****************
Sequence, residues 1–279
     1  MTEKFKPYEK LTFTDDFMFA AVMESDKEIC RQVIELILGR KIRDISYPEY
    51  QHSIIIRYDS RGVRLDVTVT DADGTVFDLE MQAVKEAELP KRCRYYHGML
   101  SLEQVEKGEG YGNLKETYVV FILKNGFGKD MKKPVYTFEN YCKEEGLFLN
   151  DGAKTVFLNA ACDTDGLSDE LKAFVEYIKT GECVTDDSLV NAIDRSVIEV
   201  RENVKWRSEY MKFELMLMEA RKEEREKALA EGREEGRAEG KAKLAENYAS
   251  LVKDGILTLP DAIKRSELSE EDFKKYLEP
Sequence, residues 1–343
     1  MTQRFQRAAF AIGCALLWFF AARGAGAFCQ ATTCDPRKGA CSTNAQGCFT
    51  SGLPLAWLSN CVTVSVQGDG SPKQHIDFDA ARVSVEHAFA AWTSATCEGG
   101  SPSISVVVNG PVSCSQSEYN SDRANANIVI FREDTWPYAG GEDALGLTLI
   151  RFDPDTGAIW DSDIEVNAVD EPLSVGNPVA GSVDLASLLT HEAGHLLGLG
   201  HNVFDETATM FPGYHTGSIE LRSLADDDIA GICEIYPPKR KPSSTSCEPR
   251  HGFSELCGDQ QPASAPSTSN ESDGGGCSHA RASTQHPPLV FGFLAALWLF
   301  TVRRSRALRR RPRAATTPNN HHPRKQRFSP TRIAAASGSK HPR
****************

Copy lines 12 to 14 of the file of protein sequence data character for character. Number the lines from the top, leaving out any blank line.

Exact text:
   151  RFDPDTGAIW DSDIEVNAVD EPLSVGNPVA GSVDLASLLT HEAGHLLGLG
   201  HNVFDETATM FPGYHTGSIE LRSLADDDIA GICEIYPPKR KPSSTSCEPR
   251  HGFSELCGDQ QPASAPSTSN ESDGGGCSHA RASTQHPPLV FGFLAALWLF